US President Barack Obama has encouraged Morocco to join the International Institute for Justice and the Rule of Law, which will be based in Malta.
At a meeting between the US President and Morocco’s King Mohammed VI on Friday, both leaders stressed Morocco’s importance as a platform for investment in Africa and pledged to continue their efforts to promote economic growth, human development and stability in the region.
They also pledged to enhance counter-terrorism and non-proliferation cooperation, as well as efforts to “bolster democratic criminal justice institutions and to counter the threat of violent extremism in the region,” according to a joint statement issued after the meeting.
During the meeting, President Obama encouraged Morocco to join the United States in founding the International Institute for Justice and the Rule of Law in Malta, in a bid to train a new generation of criminal justice officials across North, West and East Africa to address counter terrorism and related security challenges.
At the end of September, the US embassy in Malta had said that during the fourth ministerial meeting of the Global Counter Terrorism Forum (GCTF) in New York, Secretary John Kerry announced that the International Institute on Justice and the Rule of Law would be established in Malta and would begin operations in 2014.
“The United States, working closely with a number of international partners, including the European Union, Switzerland, Germany, the UK, France, Turkey, and The Netherlands, has been actively involved in developing the Institute’s mandate, structure, and curriculum.
“Given its geographical location and political orientation, Malta offers an ideal location to establish this new center and the United States is grateful for the Government of Malta’s willingness to host the Institute,” the embassy said.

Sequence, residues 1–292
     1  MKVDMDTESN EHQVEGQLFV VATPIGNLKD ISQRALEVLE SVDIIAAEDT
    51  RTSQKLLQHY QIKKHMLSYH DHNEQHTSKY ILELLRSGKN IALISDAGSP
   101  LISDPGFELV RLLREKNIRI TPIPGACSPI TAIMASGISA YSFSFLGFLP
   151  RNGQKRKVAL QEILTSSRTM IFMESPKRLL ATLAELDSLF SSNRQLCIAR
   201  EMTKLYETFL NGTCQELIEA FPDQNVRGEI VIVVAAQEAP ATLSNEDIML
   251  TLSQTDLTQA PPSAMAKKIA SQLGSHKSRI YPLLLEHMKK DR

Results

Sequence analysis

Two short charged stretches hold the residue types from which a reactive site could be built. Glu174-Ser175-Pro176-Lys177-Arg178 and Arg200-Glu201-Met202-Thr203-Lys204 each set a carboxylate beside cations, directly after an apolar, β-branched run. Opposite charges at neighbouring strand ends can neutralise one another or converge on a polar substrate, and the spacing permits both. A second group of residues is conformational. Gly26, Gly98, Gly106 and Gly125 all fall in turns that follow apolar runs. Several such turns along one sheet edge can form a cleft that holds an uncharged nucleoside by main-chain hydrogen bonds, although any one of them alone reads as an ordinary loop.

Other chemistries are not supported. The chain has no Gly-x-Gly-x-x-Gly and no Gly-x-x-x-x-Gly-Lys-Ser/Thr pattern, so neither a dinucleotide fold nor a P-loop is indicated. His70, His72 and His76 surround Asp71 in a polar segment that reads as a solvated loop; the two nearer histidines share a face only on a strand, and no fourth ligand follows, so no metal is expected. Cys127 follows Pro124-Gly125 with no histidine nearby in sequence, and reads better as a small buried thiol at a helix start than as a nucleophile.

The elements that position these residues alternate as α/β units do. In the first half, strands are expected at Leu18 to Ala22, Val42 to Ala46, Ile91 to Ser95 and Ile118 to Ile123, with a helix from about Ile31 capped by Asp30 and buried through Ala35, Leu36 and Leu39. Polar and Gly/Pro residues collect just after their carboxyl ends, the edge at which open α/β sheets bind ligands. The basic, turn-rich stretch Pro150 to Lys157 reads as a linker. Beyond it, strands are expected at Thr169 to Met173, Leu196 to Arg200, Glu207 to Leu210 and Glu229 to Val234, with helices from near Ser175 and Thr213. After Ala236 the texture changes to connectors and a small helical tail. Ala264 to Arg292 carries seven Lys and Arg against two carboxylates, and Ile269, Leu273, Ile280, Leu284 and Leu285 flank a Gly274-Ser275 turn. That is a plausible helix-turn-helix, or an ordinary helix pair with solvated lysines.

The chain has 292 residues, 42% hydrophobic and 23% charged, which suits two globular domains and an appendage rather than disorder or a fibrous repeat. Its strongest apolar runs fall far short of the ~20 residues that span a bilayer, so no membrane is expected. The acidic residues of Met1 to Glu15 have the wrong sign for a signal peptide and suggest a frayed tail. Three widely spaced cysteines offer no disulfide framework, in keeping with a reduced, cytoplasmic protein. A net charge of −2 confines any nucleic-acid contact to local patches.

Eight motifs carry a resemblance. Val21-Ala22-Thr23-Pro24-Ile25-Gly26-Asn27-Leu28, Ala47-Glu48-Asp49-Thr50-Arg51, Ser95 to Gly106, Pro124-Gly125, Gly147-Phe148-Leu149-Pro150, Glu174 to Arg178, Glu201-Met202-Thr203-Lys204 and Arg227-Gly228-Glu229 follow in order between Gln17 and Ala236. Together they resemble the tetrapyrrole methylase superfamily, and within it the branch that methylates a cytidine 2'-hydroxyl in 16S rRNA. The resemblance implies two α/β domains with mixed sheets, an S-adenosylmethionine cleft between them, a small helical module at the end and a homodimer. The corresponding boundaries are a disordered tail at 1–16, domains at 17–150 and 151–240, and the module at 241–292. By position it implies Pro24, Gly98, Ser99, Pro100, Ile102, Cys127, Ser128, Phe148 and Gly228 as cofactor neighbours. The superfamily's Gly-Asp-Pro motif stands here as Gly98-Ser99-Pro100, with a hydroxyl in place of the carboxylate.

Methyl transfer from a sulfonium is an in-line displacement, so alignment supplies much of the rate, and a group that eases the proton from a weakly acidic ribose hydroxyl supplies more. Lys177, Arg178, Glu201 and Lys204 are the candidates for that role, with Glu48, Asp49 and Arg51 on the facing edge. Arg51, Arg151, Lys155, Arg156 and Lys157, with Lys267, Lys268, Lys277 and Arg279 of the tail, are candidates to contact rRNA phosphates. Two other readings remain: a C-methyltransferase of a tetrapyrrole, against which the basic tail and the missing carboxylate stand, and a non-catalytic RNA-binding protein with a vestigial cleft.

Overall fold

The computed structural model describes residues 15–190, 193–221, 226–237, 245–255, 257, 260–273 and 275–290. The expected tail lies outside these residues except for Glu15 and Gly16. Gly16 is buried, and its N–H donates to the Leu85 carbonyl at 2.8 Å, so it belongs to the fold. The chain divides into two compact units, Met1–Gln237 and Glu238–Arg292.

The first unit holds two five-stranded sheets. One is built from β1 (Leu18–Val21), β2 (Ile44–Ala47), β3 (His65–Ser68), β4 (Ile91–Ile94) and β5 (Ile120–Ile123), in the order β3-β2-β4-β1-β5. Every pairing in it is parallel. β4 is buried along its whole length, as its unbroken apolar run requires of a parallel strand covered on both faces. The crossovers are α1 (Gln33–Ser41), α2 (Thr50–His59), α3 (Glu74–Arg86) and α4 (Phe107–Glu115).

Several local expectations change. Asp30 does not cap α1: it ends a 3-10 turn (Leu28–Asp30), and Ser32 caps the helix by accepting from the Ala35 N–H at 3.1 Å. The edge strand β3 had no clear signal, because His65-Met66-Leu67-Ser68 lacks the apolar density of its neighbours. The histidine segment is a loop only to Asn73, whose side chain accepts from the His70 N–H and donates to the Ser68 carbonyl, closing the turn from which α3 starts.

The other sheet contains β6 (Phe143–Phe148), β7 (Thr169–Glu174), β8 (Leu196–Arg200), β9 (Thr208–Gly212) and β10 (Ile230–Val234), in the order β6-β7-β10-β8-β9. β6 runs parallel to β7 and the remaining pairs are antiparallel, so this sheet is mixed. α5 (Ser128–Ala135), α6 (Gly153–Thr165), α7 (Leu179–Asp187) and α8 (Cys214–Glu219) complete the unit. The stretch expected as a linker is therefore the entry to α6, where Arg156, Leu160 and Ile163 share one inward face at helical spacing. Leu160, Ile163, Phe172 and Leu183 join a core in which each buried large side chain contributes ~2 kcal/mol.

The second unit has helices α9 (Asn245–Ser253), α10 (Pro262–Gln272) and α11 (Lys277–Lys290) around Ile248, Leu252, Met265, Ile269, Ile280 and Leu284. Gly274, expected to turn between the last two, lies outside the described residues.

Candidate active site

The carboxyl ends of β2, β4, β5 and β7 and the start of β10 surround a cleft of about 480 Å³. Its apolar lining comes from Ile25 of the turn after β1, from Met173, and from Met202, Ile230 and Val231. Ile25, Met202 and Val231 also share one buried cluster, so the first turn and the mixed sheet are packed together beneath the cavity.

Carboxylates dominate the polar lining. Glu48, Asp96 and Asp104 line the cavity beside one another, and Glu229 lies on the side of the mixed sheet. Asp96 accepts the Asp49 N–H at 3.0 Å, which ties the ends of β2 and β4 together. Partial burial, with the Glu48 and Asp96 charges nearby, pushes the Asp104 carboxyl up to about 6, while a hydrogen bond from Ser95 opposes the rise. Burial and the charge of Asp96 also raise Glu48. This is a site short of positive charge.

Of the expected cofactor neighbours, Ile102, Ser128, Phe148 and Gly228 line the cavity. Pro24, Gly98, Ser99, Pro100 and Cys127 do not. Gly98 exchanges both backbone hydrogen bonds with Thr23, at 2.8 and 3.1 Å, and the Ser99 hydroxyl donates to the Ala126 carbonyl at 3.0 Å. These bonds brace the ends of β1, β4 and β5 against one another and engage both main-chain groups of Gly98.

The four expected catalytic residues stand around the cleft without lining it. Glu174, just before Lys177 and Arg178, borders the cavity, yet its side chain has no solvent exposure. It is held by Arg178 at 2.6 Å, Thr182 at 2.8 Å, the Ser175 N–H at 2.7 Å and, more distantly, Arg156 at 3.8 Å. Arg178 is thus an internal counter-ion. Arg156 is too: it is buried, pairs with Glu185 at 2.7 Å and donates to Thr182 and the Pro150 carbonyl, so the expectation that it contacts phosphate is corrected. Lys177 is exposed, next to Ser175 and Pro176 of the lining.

The embassy said that once established, it will serve as a training center dedicated to strengthening criminal justice and other rule of law institutions, promoting regional judicial and police cooperation, and fostering regional criminal justice practitioner networks to allow countries to provide justice, security, and liberty to their citizens, based on the respect for human rights and the rule of law.
It will focus its training initially on interested countries in North, West, and East Africa, paying particular attention to training officials in countries in transition.
It will provide parliamentarians, police, prosecutors, judges, prison officials, and other relevant criminal justice officials with rule of law-based training on the development and use of policies, good practices, and procedures so countries are more capable of safeguarding the security of their citizens from transnational threats such as terrorism.
The training delivered at the Institute will be grounded in respect for human rights and fundamental freedoms and support the implementation of the United Nations Global Counter Terrorism Strategy, in particular Pillar IV of its Plan of Action, which underscores the critical role that an effective and rule of law-based national criminal justice system plays in ensuring that terrorists and their supporters are brought to justice in a manner that respects human rights.